1930s Chick Lit

The Nutmeg Tree – Margery Sharp

Jane from Fleur Fisher Reads recommended Margery Sharp, as an author who should be read by more people. I struggled to find any of her books as they are now out of print, but then I struck gold and found three all together!

The Nutmeg Tree was first published in 1937 and was probably the 1930s version of chick-lit on its release. It was a lovely, light entertaining read – the perfect antidote to all the depressing books I’ve been subjecting myself to recently.

The story centres on Julia who is widowed after a very short marriage. She decides to leave her daughter, Susan, in the care of her in-laws to pursue a career on the stage. She has no contact with her daughter and is surprised to receive a letter from her twenty years later, begging her to come and visit the family in France.

The point is that I want to get married and Grandmother objects. 

Julia decides to be reunited with her daughter and travels to France at the first opportunity.

The Nutmeg Tree is a heart warming book, packed with details of an English way of life that just doesn’t exist any more. The plot isn’t the best thing I’ve ever read, but it did make me smile!

I would normally have a problem with a character that abandoned her daughter, but for some reason this didn’t really come into it – I loved Julia’s character and just accepted that things were different back then. Julia is such a bold character who finds herself in all sorts of sticky situations – I loved the ingenious ways in which she wormed her way out of trouble and her courtship behaviour was very entertaining.

This book will appeal to fans of Persephone books, and I hope that one day they reprint one of her books as Margery Sharp does deserve to be rediscovered.


Have you ever read anything by Margery Sharp?

Can you recommend any other forgotten authors who are worth seeking out?

2009 Chick Lit

The Late, Lamented Molly Marx – Sally Koslow

The Late, Lamented Molly Marx is a light, but enjoyable chick lit novel, with a difference. The difference is that Molly is dead, and the book begins with her observing her own funeral.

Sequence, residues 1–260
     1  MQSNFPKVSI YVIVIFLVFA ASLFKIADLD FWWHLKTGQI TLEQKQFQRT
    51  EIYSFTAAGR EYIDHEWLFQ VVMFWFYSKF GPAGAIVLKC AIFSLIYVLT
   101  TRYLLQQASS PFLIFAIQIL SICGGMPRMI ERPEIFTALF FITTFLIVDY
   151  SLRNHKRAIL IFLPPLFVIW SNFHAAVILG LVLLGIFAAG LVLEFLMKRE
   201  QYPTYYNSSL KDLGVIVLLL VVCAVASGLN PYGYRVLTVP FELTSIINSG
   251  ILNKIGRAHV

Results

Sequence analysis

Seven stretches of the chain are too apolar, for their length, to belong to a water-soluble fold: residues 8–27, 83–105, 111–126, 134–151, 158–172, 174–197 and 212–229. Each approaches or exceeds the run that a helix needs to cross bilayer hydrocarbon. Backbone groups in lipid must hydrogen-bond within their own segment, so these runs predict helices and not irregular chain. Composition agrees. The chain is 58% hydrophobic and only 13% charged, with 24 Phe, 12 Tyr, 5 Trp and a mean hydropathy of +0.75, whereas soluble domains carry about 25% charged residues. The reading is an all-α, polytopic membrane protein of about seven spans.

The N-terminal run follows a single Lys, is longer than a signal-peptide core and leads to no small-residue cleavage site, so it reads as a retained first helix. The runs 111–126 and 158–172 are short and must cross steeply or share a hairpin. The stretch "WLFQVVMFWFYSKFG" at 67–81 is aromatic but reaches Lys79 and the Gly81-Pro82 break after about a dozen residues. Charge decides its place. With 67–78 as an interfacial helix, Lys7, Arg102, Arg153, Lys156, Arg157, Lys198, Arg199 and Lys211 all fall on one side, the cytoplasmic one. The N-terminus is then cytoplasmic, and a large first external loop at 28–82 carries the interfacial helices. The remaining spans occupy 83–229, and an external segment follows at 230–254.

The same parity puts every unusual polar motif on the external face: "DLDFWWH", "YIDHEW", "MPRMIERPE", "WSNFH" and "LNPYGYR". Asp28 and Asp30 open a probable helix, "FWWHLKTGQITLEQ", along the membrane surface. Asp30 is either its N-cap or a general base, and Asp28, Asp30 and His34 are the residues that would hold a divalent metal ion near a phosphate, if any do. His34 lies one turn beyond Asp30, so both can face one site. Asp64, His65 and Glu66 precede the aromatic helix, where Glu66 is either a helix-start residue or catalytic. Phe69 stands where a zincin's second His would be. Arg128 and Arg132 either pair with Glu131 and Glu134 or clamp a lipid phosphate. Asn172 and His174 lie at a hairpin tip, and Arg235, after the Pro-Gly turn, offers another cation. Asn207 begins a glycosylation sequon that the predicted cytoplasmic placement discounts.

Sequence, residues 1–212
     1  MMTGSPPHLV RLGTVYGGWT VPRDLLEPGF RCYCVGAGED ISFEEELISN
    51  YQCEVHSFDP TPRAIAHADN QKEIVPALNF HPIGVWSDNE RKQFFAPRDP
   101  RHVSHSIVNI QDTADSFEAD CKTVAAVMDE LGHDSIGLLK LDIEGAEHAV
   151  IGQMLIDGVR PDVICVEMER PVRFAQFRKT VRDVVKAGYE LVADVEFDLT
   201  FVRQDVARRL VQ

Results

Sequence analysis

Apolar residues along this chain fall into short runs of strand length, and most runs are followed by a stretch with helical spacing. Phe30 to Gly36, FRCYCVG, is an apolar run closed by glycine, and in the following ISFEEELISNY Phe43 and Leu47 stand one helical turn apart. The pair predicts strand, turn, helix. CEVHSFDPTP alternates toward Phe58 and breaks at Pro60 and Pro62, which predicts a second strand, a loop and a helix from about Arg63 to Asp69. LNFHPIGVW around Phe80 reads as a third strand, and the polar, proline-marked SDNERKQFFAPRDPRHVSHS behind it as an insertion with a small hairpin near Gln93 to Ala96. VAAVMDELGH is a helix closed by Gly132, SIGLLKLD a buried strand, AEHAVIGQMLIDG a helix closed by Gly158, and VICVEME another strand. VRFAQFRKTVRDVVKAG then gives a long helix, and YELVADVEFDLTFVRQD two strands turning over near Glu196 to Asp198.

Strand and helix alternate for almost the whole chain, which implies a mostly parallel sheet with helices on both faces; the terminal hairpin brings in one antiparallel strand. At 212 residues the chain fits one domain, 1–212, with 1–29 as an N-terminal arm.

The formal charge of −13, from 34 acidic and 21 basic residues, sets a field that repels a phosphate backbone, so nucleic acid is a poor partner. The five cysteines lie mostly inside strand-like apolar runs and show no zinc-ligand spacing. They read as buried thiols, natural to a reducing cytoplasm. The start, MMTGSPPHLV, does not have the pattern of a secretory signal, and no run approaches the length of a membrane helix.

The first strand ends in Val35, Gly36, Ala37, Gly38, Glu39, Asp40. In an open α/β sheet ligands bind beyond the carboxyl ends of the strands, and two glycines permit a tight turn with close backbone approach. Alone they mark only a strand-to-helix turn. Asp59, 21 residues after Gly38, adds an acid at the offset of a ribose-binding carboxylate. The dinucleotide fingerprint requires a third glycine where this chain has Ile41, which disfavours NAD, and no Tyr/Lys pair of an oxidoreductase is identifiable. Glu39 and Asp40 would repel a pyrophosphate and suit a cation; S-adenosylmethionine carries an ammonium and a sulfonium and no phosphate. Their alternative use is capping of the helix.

Molly finds herself being able to watch her loved ones as they go about their lives without her and is also able to tune into their thoughts. We quickly realise that Molly’s life wasn’t straight forward and we are left trying to work out the cause of her death, which isn’t revealed until the end.

The book was too fluffy to be profound or thought provoking, so should be viewed as entertainment rather than giving any insight into the after-life or how to cope with the loss of a loved one.

I found the characters to be quite shallow and I didn’t like any of them, but strangely this didn’t really matter. I was pulled along by the mystery and found the ending to be both unpredictable and satisfying.

Overall, I found this to be a nice distraction from some of the deeper books I’ve been reading recently, but I don’t think I’ll remember much about it in a year’s time.

Recommended to chick lit fans who are looking for something slightly different.


1980s Chick Lit Recommended books

The Fifth Child – Doris Lessing

I loved We Need to Talk About Kevin, so when Dorte suggested that The Fifth Child sounded similar, I decided to find a copy. Dorte is right, the two books both deal with a mother who is struggling to deal with ‘an unlovable child’ and I think fans of We Need to Talk About Kevin will enjoy this one too.

The Fifth Child focuses on a loving couple, Harriet and David, who buy a big house and dream of filling it with happy children. Each year they have a new child, and their dream seems to be coming true, but then everything changes when their fifth child is born. Ben is different from the beginning. She feels his violence even during the pregnancy, and when he is born he is of a completely different temperament to his older brothers and sisters. Harriet struggles to cope with his aggressive behaviour, which seems to get worse as he grows. The older children become isolated and fearful of their younger brother, and the family begins to fall apart.

The book raises many important issues, including whether ‘bad’ children are born that way, and whether it is more important to look after the four ‘good’ children, or focus your attention on the one difficult child.

I found Ben’s character a lot less believable than Kevin’s. His violence seemed a bit extreme, for example I cannot imagine any one-year-old deliberately killing animals, and found it even more implausible that she had to chase an 18-month-old for more than a mile before catching him – surely any adult can catch any child under the age of five in less than 50 metres?  

I also found the writing style a little tedious – there were no breaks in the text at all – no chapters, not even a small break between paragraphs. So, although it was only a short book (130 pages) I found it difficult to find places to stop for a short break. These are minor issues though, as this book is well worth reading.

Overall, this was a very interesting book, which would be perfect for book clubs. Recommended to anyone interested in parenting issues.


Have you read any books by Doris Lessing?

Can you recommend any other books which focus on similar parenting issues?

2008 Chick Lit

Believers – Zoe Heller

I loved  Notes on a Scandal, so was really looking forward to reading this book. Unfortunately I was very disappointed.

The writing style seemed much more intelligent than Notes on a Scandal, but it quickly started to focus on politics and religion – two topics which I hate reading about.

Joel and Audrey had a keen contempt for all religions, but Judaism, being the only variety of theistic mumbo-jumbo in which they were themselves ancestrally implicated, had always inspired their most vehement scorn.